Review Summary: Don't worry, be happy.
It wasn’t until I began writing this review that I found out “Early Riser” was made by the son of Bobby McFerrin, the acclaimed reggae artist. The extent of my reggae knowledge is exclusive to Bob Marley & the Wailers, but I will try to give Bobby McFerrin a listen to soon enough.
Because his son makes some ***ing good music.
The easiest way to describe this album, and (with it being his only album) McFerrin as an artist, is that he sounds a lot like Flying Lotus. He’s signed under Flying Lotus’s label Brainfeeder. For FlyLo fans out there, you know Flying Lotus is “electronic” but has his own distinct brand of electronic music. McFerrin falls into this genre. FlyLo has a progressive and creative sound, but hardly ever arranges it with creative songwriting or structure. It may be the case of un-investigated textures... or a lack of solidarity in sound, with “L.A.” and “Until the Quiet Comes” being his most focused works (and his least mainstream). My one fault with Flying Lotus is his style is whimsical to the point of its detriment.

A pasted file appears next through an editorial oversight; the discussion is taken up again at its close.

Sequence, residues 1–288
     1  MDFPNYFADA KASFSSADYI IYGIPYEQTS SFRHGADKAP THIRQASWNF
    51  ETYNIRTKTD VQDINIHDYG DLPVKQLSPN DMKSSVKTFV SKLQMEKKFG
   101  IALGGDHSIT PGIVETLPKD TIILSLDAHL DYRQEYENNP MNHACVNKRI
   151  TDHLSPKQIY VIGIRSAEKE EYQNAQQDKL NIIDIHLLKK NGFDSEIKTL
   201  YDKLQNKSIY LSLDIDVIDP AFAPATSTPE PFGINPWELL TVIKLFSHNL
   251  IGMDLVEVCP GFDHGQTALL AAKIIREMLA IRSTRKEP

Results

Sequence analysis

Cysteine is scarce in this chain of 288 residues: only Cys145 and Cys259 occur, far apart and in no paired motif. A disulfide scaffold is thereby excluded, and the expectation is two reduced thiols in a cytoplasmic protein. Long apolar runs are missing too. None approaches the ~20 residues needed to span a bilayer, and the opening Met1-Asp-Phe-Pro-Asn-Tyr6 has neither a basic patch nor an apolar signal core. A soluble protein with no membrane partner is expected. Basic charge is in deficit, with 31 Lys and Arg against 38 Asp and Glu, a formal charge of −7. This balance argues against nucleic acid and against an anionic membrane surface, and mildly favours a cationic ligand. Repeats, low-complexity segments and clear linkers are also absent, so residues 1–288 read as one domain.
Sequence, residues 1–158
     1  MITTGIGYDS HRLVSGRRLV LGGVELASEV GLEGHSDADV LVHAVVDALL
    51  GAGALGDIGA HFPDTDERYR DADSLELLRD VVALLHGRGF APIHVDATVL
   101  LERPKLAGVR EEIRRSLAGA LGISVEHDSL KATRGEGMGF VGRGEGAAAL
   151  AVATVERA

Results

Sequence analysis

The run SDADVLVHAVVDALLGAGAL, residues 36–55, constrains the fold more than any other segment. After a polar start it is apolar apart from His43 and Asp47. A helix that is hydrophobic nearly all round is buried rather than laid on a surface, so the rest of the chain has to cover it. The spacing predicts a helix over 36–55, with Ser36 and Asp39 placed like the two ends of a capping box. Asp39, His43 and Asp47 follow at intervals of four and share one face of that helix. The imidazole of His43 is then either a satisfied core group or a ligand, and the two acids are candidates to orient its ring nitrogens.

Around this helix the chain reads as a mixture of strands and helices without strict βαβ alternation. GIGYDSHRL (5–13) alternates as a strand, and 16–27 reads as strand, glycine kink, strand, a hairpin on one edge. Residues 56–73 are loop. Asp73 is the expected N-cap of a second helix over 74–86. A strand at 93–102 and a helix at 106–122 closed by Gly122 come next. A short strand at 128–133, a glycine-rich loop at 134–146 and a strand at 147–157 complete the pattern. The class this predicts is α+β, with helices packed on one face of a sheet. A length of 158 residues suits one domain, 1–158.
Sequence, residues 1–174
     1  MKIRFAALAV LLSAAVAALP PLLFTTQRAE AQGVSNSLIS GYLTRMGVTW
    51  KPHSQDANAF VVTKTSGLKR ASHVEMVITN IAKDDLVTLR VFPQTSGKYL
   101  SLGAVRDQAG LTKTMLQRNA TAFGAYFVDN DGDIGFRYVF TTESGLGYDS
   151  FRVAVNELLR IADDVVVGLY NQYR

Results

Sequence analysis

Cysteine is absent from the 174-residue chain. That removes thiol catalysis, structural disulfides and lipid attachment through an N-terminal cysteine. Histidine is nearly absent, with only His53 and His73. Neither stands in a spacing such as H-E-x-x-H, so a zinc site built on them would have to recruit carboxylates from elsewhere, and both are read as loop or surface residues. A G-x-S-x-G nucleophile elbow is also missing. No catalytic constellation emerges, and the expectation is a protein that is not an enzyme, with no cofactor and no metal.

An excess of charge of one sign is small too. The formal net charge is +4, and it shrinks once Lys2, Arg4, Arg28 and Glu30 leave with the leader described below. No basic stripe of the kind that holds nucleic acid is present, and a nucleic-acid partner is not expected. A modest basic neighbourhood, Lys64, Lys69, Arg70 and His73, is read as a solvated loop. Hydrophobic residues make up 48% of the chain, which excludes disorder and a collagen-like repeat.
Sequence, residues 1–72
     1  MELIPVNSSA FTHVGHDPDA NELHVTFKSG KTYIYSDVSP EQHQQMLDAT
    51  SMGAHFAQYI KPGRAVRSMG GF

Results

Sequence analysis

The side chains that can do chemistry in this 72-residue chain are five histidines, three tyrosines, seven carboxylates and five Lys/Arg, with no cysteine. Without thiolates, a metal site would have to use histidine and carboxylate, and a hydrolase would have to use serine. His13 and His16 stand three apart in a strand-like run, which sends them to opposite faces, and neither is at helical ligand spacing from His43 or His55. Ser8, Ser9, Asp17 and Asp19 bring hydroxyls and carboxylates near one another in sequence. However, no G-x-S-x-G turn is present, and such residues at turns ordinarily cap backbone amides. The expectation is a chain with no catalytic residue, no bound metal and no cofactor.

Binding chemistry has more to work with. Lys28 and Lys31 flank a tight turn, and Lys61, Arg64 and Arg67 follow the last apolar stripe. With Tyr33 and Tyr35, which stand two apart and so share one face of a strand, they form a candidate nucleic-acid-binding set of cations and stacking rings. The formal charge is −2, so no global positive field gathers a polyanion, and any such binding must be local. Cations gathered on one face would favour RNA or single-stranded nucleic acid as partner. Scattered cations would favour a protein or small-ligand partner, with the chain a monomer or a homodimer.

“Early Riser” is a more focused, less whimsical Flying Lotus. The creative textures, apt guest appearances, and jazzy divergences are justified, because McFerrin backs up his sound with solid enough songwriting and structure.
This album is laden (yet not encumbered) with jazzy percussion and a general smooth electronic sound. It bears a mix of lush bass, downtempo, key-based ostinato, and a general “dream-like” quality, akin to “Until the Quiet Comes”. It has that borderline IDM, staccato clapping and electronic drumming that pairs well with its few guest-vocalists but does fine on its own. These handful of vocalists that appear on the album give it its slight “soul” quality, along with maybe an indie-pop sound (like on “Place In My Heart”, a hard-to-forget track).
As a whole the album is fantastic and solid, but doesn’t consistently WOW you like some of the tracks would lead you to believe. Taylor Mcferrin has strong potential and he has skyrocketed up my list of “closest-watched artists today”. I write this review mostly as a fan, and I ask you to give this album a spin. I am in firm believe this guy isn’t getting the recognition he deserves, and hope you all can feel the same.
4.2 / 5